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Sociodemographic factors associated with dietary supplement use in early pregnancy in a Swedish cohort.

Journal article
Authors Linnea Bärebring
Deirdre Mullally
Anna Glantz
Joy Elllis
Lena Hulthén
Åse Jagner
Maria Bullarbo
Anna Winkvist
Hanna Augustin
Published in The British journal of nutrition
Volume Jan;119
Issue 1
Pages 90-95
ISSN 1475-2662
Publication year 2018
Published at Institute of Medicine, Department of Internal Medicine and Clinical Nutrition
Pages 90-95
Language en
Links dx.doi.org/10.1017/S000711451700327...
www.ncbi.nlm.nih.gov/entrez/query.f...
Subject categories Prenatal and perinatal research, Nutrition and Dietetics, Epidemiology

Abstract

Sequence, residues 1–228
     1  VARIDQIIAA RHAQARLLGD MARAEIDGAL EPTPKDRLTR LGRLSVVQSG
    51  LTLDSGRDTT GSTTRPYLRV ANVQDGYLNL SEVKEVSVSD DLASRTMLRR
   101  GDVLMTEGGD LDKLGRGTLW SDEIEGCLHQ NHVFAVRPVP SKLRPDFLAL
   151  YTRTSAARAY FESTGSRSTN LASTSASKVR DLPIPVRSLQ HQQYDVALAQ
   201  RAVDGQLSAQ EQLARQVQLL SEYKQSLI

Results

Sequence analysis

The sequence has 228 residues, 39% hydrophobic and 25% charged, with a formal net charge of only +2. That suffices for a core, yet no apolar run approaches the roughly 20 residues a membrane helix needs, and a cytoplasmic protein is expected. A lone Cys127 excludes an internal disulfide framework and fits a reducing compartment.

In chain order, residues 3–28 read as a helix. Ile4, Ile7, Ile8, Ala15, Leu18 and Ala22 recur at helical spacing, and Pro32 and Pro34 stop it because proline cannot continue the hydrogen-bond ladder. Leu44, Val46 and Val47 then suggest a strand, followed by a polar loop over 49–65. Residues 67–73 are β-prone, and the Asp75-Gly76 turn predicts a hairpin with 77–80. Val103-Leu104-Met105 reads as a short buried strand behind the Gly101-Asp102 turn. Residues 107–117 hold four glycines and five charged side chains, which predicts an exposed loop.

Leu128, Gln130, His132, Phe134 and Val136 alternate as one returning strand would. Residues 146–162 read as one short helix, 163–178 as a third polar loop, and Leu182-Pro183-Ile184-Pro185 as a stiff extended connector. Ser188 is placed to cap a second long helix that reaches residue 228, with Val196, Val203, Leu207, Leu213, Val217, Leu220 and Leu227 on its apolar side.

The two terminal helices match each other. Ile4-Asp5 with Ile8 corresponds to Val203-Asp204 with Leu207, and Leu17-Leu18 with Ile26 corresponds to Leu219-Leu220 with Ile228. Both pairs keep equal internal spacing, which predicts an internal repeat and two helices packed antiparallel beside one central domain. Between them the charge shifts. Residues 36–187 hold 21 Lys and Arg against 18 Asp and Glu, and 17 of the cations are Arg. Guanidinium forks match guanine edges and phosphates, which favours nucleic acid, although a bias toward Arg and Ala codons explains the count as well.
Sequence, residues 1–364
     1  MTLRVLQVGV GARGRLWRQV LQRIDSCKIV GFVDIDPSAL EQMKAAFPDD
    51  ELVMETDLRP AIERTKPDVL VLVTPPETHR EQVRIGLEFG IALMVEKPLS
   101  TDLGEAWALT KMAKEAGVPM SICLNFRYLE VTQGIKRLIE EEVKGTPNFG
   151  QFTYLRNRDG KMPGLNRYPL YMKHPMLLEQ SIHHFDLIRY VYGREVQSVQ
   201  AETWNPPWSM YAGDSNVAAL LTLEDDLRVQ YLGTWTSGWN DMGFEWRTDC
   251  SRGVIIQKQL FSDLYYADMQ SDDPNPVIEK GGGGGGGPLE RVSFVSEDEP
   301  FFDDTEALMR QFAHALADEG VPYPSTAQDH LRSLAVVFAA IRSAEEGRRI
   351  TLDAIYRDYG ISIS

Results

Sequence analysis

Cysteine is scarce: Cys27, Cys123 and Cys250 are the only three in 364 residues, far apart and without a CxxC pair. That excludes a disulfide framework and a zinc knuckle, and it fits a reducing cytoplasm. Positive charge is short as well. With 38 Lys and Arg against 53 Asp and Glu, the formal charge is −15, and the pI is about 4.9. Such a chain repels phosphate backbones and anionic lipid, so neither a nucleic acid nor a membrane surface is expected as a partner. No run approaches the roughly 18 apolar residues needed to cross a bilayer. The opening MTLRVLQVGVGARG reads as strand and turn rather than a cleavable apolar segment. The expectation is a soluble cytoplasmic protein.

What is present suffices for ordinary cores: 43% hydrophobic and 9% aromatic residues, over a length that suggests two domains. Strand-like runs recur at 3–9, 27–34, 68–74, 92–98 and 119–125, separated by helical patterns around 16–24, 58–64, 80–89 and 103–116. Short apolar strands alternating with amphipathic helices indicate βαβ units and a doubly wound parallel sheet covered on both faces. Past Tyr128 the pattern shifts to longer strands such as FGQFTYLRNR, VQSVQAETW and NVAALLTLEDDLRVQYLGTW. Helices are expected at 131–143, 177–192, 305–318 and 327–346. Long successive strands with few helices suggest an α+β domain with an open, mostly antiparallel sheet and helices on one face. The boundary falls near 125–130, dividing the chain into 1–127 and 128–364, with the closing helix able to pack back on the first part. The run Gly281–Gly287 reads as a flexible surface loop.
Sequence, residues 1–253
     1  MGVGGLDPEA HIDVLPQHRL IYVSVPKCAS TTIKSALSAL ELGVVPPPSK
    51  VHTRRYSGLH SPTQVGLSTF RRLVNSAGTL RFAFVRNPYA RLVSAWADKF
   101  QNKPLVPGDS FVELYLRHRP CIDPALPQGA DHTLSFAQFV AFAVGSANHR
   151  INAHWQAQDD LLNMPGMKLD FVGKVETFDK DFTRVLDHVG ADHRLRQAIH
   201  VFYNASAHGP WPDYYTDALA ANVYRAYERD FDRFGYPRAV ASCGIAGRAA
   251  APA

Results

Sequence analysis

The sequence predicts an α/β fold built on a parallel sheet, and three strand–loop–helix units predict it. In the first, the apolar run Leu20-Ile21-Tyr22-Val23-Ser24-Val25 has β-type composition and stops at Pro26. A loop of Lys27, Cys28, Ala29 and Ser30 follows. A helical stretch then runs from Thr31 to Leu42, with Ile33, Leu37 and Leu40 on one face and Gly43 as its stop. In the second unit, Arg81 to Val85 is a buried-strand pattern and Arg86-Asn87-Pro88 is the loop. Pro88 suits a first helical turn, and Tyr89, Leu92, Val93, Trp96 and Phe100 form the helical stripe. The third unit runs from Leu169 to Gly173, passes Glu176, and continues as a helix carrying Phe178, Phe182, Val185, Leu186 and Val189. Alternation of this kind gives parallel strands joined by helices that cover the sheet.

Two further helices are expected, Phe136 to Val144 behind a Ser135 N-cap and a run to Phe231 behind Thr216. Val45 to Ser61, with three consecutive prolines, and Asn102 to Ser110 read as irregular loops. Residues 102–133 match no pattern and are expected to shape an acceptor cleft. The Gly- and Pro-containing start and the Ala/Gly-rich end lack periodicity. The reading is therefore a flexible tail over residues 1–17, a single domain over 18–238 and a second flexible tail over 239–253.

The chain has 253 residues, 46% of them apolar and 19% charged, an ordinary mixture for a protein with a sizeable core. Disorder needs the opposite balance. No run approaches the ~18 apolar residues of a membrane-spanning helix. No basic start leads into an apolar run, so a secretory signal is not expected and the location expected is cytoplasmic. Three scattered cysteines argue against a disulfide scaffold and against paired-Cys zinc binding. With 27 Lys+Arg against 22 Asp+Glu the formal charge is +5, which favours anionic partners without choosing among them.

Sociodemographic factors have been associated with dietary supplement use among pregnant women but few data exist in a Swedish population. This study aimed to identify factors associated with overall supplement use as well as use of folic acid, vitamin D and n-3 in early pregnancy. Women in the first trimester of pregnancy were included at registration to the antenatal care in 2013-2014 (n 2109). Information regarding supplement use as well as sociodemographic and anthropometric data were obtained from questionnaires and medical records. Multivariable logistic regression analysis was performed to determine the relationship between sociodemographic variables and supplement use. A total of 78 % of the participants reported using at least one dietary supplement in the first trimester. Folic acid supplement use was reported by 74 %, vitamin D supplement use by 43 % and n-3 supplement use by <5 %. Use of any type of supplement in early pregnancy was related to gestational age, parity, birthplace, education and employment. Folic acid supplement use was related to gestational age, parity, birthplace, income, education and employment. Vitamin D supplement use was related to gestational age, birthplace and education. In conclusion, in the first trimester of pregnancy, folic acid supplements were used by three in four women, while vitamin D supplements were used by less than half of the women. The results of this study show a socioeconomic disparity between supplement users and non-users which may have a negative impact on the health of future generations.

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